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Thread: Child Attempts to grap pistol out of holster?

  1. #1
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    Ok let me start by saying that i have never heard of this happening and don't plan on this occurring EVER!

    Now what would you all do if you had someones child walks up behind and and start grabbing at your pistol? The obvious is start yelling at the horrible parenting but then again you know this is going to get bad fast when you start talking to the parents. So again what would you do???

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    Be aware of the child behind you before he or she touches your gun. If the hand approaches the firearm, use minimal force to brush the hand away, and sternly say, "Don't touch, please." (I put the "please" at the end because this is not a request. It is a politely phrased order.)

    I would then look for the parents. Hopefully they are right there, have seen what happened, and are now responsibly dealing with the situation.

    If the parents are not right there and handling the situation well, there are too many variables to come up with a single answer. It's a 40-page decision tree!

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    Regular Member flagellum's Avatar
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    Not everyone here might agree, but I usually advocate for a level 2 holster, (something restraining it besides friction).
    "You need only reflect that one of the best ways to get yourself a reputation as a dangerous citizen these days is to go about repeating the very phrases which our founding fathers used in the struggle for independence."
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    Regular Member VAopencarry's Avatar
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    Tell them no, don't grab that.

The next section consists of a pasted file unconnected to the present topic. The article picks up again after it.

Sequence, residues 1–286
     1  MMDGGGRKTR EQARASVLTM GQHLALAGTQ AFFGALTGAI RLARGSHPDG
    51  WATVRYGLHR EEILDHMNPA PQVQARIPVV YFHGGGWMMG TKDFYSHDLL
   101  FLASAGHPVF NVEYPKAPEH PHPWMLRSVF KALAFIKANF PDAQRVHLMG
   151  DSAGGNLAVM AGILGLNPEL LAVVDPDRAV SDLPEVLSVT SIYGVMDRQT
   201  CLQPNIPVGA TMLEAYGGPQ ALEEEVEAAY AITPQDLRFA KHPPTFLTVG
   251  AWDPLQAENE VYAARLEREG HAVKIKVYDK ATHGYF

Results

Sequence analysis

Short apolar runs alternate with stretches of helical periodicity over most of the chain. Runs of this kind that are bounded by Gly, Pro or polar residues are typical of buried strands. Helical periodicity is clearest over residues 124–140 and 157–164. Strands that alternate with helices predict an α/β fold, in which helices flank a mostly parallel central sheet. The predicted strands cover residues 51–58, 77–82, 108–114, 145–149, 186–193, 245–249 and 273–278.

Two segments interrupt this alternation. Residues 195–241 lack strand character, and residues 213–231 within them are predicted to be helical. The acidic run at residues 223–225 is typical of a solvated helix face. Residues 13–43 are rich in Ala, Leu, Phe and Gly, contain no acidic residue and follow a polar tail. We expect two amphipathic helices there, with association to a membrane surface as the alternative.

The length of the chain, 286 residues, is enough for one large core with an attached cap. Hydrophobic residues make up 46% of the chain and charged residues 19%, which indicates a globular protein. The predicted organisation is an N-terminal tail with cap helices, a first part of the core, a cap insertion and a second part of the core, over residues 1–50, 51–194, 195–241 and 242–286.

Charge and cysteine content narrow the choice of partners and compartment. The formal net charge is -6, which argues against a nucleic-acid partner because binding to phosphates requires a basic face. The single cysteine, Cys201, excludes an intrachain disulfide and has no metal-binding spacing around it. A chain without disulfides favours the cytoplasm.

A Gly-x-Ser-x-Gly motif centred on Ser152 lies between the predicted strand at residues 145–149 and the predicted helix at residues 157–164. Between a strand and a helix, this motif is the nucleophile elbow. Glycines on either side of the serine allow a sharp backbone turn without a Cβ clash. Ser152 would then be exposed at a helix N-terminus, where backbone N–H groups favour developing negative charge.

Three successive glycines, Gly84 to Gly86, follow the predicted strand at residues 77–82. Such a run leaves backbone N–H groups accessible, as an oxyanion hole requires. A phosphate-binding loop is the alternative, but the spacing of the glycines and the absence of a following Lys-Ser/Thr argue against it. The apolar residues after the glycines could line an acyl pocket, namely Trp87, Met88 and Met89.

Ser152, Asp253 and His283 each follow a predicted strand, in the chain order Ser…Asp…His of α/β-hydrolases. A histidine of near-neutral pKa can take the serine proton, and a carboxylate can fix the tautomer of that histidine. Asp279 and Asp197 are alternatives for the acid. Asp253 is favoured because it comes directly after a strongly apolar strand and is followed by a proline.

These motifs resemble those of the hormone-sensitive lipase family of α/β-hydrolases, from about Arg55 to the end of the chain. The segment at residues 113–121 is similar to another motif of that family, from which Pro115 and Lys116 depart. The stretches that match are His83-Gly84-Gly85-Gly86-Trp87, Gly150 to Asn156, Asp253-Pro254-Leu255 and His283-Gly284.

"The tree of liberty must be refreshed from time to time with the blood of patriots and tyrants." - Thomas Jefferson

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    Keep my arm covering it, to prevent them from actually grabbing it, and politely tell them it's not a toy.

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    I actually had this happen to me about a month or so ago. I was in Penn Station placing my ordering. There was a mother and her little girl standing behind me.

    The little girl pushed on the grip, she really wasn't trying to grab it, but did that 1 finger push on it.

    When I felt the pressure I just turned my hip and it broke contact with her. I said , Please don't touch that... I tried not to sound mean or evil.

    On the other hand her Mom about went ballistic, and start yellling at her daughter to NEVER EVER TOUCH ONE OF THOSE.. YOU COULD GET KILLED...

    I just stared at her in amazment, but what could I say.. It's her child, so I chose not to say anything else and just turned my hip to the counter and waited for my change.

    I truely wanted to tell that little girl if she wanted to learn the truth about guns, look me up when she turns 18 and didn't have her mother scaring her to death about guns.. but don't think a 7 or 8 year old would remember that long.

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    Regular Member younggun20's Avatar
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    I just had something similar happen to me over this last weekend. I was walking around the carnival and I was looking around alot keeping my eyes open trying to pay alot of attention to who was around me as I was in a big crowd. I stepped up and placed my order for some food and felt a small tug on my SA I turned around and noticed my wifes nephew's hand on it. As soon as he seen me looking that way he took off running. As this is not his first time touching it or trying to pull it out. Well my wife and his mom let him have it.